Hong Kong - Tens of thousands of protesters marched through one of Hong Kong’s most popular tourist areas on Sunday, trying to gain support from mainland Chinese visitors for the city’s opposition to an extradition bill, which has caused political turmoil.
Protests against the now-suspended bill have drawn millions of people to the streets, posing the biggest challenge Beijing has faced to its rule in the territory since Hong Kong returned to Chinese control in 1997.
The protests have received little coverage in mainland China, however, with censors blocking news of the largest demonstrations on Chinese soil since the bloody suppression of pro-democracy protests centered on Beijing’s Tiananmen Square in 1989.
The bill, which would allow people to be sent to mainland China for trial in courts controlled by the Communist Party, has triggered outrage across broad sections of Hong Kong society amid concerns it threatens the much-cherished rule of law that underpins the city’s international financial status.
China and Britain have engaged in a public spat over the bill but Chinese ambassador Liu Xiaoming told BBC TV on Sunday that China was “not interested in diplomatic war with the UK” and he had full confidence in Hong Kong’s ability to resolve the situation without China’s intervention.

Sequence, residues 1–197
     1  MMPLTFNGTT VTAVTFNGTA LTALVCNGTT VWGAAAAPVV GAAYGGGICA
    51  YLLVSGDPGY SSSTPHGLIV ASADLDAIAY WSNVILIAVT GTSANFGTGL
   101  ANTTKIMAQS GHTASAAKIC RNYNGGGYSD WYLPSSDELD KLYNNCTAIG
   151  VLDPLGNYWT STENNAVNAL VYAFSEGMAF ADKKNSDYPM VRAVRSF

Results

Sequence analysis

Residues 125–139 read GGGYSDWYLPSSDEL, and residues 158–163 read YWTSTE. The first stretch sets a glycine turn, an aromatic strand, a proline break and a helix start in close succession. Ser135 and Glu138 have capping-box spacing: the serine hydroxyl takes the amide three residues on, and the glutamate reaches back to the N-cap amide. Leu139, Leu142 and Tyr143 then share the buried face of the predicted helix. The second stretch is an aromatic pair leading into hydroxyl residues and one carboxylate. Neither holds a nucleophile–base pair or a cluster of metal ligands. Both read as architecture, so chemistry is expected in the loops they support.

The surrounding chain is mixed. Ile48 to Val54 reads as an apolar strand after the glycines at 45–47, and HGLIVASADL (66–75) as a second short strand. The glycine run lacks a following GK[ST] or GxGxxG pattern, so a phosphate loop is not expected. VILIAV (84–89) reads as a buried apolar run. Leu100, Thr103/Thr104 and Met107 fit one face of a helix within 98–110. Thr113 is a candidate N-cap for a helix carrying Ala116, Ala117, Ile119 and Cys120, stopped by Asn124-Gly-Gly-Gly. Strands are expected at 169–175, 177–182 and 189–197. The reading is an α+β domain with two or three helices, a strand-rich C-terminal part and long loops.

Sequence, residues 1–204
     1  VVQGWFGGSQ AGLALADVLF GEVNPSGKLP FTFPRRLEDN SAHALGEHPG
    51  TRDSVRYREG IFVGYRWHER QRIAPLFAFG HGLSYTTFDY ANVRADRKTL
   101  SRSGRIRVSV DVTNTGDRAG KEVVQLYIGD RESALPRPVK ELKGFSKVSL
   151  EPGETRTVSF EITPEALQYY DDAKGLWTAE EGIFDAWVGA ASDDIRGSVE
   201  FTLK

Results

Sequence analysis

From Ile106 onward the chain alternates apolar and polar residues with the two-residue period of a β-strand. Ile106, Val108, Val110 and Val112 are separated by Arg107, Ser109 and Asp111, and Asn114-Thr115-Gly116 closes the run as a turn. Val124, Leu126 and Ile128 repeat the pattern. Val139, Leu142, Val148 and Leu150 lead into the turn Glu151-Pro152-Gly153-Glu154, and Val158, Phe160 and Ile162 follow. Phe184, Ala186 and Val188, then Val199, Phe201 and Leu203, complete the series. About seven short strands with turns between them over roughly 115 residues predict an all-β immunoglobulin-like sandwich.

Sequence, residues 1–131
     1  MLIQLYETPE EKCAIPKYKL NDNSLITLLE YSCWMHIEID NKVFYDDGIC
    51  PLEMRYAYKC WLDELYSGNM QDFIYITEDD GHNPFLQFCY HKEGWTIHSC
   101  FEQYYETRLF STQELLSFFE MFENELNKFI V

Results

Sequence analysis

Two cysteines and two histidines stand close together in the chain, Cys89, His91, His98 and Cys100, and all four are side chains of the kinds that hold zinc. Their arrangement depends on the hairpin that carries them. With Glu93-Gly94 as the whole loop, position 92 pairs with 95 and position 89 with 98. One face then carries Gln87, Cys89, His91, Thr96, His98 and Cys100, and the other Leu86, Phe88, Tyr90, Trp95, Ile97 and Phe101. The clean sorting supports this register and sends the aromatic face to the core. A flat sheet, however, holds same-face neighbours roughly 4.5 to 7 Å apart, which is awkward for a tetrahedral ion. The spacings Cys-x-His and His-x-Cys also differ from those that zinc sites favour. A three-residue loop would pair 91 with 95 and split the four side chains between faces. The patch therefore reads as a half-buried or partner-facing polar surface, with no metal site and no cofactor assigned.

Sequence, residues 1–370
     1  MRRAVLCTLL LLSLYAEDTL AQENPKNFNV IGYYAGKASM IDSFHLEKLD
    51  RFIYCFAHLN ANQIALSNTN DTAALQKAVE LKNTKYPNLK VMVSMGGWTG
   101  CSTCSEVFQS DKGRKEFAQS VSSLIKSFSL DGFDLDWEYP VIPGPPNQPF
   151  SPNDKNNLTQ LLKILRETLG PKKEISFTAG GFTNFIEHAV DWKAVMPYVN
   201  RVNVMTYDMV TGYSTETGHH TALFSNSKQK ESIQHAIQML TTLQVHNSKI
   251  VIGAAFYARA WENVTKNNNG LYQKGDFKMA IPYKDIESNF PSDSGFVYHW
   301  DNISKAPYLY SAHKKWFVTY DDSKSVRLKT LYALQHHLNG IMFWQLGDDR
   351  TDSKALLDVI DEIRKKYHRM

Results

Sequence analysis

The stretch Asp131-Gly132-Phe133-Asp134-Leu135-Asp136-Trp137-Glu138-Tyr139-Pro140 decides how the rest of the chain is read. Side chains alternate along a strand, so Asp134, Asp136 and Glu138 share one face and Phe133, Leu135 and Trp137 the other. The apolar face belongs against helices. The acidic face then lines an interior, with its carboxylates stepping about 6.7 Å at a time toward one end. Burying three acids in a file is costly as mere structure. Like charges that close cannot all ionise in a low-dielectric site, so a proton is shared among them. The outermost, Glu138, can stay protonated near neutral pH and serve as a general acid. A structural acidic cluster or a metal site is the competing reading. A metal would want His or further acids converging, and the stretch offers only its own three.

Protesters on Sunday braved intermittent rain and marched through streets of Tsim Sha Tsui, a popular shopping destination dotted with luxury shops, to try to deliver their message directly to mainland Chinese tourists in the hope of garnering sympathy.
They also handed out flyers and sent messages by social media and Apple’s phone-to-phone AirDrop system written in the simplified form of Chinese characters used on the mainland.
“It is hoped that Hong Kong people can spread how Hong Kong people can march peacefully and bring the protest information back to the mainland to mainland visitors,” said Lau Wing-hong, one of the protest organisers.
The march was the first major demonstration since Monday when protesters besieged and ransacked the legislative building in the heart of the city on the 22nd anniversary of the handover before being driven back by police firing tear gas. - Reuters